4 teeth

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Walton’s Fancy & Staple

609 W 6th St. Austin, TX 78701(512) 542-3380 waltonsfancyandstaple.com

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I’m not really sure where the fancy is, because it’s definitely not in the décor. Not that it’s a shithole or anything, but fancy it ain’t. It’s your run of the mill counter service café with some prepared foods and several made-to-order options listed on huge boards overhead. Maybe they were going for irony?

As for the staple side of the equation, I think I get it. All of the dishes are your basic staples from sandwiches to French toast to shrimp and grits (a southern staple). But each of them has a little twist, which I suppose could be construed as “fancy,” but I still think that’s being generous with the term. Very caught up on this fancy thing as you can see. Lost a lot of sleep.

As for the “fancy” twists of which I speak, the shrimp and grits was actually the best I’ve ever had, fancied up with blackened shrimp placed over a bed of jalapeno, cheddar grits. It is a savory, spicy masterpiece.

The other fancied up dish was the crème brulee battered French toast, which was good, but not great. It’s just too damn big for its own good. It’s a fatal mistake I see time and time again. Restaurants all trying to get tricky with different batters, coatings, breads and portion sizes, when the only thing that really matters at the end of the day is to soak the bread through and through for fuck sake! How hard is it? Just do that and I could care less about the brioche, challah, raisin walnut, caramelized, bread pudding, burnt brown butter, cinnamon dusted, macerated apple topping.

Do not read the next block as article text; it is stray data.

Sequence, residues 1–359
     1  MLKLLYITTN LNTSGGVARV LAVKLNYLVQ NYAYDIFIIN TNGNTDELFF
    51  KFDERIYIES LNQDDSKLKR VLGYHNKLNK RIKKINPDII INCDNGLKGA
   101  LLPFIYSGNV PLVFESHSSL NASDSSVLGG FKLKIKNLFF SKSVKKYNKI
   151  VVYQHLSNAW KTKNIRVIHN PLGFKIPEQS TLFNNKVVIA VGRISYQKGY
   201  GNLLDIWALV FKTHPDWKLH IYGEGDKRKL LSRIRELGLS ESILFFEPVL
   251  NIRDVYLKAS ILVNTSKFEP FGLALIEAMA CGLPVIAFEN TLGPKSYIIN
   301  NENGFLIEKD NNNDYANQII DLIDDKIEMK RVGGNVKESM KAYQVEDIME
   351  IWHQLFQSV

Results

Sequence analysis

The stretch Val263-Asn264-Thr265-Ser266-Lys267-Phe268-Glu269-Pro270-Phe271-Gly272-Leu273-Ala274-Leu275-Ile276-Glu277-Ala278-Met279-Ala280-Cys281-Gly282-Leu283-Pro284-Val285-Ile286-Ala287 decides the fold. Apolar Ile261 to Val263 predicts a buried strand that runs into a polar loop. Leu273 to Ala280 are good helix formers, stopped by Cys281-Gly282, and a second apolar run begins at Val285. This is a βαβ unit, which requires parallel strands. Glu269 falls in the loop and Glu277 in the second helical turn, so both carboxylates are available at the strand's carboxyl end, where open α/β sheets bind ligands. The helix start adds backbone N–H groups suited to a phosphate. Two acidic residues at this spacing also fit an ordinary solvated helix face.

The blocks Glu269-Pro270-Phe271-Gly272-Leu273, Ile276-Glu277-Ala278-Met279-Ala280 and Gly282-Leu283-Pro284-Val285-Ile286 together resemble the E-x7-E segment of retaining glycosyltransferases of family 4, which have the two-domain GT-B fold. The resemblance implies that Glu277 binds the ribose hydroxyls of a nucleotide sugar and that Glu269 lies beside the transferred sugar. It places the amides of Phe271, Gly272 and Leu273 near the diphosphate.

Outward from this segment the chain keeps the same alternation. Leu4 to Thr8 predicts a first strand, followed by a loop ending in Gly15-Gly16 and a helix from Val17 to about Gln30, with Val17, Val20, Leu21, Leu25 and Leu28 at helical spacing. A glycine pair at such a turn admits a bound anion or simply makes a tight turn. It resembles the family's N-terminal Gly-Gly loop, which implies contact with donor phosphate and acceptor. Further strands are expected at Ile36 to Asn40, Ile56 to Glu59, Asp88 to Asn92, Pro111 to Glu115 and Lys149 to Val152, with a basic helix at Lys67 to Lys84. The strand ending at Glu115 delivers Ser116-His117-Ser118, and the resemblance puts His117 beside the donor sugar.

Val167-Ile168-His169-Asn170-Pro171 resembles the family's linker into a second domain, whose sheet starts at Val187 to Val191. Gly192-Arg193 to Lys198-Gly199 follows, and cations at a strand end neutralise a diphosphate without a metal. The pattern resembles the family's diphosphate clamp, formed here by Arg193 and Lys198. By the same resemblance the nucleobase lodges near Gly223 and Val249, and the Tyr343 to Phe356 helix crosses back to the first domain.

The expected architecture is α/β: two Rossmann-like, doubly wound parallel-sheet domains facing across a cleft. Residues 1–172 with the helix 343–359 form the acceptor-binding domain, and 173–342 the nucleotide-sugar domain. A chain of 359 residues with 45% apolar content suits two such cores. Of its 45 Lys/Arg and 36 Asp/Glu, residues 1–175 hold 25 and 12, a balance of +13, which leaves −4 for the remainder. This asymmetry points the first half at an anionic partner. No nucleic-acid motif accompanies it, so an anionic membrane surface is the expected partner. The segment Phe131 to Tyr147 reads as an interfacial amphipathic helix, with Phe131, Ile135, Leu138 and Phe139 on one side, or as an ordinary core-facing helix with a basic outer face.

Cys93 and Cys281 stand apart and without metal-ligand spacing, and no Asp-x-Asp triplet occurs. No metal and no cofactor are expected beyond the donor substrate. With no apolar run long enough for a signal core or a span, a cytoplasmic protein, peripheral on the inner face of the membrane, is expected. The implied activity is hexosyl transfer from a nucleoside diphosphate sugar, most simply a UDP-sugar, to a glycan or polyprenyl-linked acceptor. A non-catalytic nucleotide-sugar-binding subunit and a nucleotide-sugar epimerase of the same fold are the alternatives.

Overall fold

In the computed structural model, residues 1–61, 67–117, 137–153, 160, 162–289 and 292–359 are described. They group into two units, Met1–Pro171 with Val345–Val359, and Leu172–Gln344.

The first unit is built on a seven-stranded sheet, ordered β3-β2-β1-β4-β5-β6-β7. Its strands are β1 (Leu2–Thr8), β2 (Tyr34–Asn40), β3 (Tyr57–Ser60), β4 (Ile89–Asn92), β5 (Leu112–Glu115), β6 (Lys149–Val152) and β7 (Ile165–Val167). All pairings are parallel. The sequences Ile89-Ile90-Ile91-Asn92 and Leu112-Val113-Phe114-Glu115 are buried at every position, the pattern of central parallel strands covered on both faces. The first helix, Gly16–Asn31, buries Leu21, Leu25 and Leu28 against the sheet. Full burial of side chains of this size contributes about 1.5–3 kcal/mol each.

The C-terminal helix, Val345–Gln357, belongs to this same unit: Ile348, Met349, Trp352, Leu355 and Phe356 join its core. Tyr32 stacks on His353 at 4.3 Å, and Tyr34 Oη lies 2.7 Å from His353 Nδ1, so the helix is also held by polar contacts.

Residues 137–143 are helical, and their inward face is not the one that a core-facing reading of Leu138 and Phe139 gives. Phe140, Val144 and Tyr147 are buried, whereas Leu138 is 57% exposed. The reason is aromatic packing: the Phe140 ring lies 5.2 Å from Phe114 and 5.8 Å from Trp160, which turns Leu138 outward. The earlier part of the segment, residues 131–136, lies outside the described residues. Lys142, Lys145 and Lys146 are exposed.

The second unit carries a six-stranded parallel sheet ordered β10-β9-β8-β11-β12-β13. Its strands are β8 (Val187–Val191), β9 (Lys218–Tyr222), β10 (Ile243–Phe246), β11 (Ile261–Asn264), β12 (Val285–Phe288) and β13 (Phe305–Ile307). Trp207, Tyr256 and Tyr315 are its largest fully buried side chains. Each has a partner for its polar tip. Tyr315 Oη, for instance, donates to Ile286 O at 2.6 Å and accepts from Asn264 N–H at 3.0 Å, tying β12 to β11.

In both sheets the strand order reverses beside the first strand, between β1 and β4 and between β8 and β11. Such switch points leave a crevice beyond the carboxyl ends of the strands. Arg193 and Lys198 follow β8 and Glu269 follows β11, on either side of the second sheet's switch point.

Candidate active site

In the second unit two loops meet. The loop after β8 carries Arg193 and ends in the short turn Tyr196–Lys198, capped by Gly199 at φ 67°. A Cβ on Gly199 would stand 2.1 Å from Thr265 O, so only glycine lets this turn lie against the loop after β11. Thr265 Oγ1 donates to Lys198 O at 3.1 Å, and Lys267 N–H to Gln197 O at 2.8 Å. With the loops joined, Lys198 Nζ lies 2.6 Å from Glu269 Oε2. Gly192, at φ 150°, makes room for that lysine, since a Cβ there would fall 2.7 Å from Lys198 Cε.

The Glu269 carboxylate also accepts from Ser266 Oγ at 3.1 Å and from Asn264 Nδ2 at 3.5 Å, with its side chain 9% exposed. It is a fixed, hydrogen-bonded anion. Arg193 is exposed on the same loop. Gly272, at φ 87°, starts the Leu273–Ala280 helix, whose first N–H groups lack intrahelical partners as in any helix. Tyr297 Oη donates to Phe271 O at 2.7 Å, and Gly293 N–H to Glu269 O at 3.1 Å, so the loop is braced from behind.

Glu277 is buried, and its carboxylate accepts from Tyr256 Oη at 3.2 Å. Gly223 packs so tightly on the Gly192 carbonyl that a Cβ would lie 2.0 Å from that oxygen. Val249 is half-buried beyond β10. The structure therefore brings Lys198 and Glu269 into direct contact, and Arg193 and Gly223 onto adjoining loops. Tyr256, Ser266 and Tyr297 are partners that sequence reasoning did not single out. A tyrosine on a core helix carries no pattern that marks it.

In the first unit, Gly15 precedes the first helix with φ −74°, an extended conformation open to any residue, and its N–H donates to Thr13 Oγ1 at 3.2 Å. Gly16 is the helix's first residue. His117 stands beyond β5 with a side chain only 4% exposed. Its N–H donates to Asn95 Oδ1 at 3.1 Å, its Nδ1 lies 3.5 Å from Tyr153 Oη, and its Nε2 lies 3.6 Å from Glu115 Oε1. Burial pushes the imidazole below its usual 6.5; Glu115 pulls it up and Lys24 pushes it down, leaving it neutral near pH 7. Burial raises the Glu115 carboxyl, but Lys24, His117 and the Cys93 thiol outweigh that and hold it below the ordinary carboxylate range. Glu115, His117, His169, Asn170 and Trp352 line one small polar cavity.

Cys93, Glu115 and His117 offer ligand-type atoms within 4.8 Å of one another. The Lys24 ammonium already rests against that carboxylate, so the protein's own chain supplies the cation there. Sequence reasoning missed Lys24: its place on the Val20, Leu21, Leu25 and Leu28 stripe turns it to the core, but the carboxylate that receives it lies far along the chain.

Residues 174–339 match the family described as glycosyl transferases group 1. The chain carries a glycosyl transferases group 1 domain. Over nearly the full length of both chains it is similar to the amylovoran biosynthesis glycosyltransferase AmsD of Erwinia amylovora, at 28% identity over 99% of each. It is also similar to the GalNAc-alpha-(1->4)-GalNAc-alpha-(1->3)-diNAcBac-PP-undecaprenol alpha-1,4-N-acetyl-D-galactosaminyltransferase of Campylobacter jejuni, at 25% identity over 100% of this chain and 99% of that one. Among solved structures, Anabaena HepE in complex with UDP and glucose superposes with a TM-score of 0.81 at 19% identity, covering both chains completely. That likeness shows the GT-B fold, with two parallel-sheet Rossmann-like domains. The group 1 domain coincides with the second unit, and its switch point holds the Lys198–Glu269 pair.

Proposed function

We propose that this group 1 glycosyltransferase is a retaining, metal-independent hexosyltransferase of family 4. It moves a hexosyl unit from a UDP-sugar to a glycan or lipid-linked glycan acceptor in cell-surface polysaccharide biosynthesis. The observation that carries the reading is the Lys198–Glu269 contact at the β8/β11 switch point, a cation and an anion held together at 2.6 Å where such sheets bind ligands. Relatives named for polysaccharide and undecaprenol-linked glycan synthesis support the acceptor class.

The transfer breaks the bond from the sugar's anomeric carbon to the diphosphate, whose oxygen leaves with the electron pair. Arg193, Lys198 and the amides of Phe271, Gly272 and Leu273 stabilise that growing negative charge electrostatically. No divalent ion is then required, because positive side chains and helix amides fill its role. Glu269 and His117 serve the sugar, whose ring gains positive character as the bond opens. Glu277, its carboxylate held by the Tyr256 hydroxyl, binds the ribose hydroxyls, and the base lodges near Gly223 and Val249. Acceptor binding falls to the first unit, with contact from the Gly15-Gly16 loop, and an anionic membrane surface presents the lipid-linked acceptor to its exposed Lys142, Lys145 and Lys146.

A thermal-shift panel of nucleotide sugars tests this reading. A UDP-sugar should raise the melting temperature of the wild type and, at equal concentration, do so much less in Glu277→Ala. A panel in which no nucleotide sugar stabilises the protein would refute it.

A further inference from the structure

Back on the plus side, their chai latte is pretty damn skippy.

3 teeth

 

The Ultimate Creamed Corn

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I think the thing I love the most about eating at steakhouses is the fact that you get to eat your vegetables like a kid again. Creamed spinach, creamed corn, mashed potatoes- you name it, everything is so jacked up on sugar and butter you don’t even know where the veggies end and dessert begins. And that’s exactly why these two corns of the cream are Ultimates with a capital U.

Mastro’s – Los Angeles, CA

Within the tapestry of creamed corns I’m really not sure if I’ve ever had a bad one, to be honest. That doesn’t exclude the possibility for there to be ones that are even better than great, however. And this is where Mastro’s steps in to claim it’s rightful ownership of the pedestal. A simple, faithful recipe without much to it beyond béchamel, salt and pepper. But apparently that’s all it takes to blow you away.

Quality Italian – New York, NY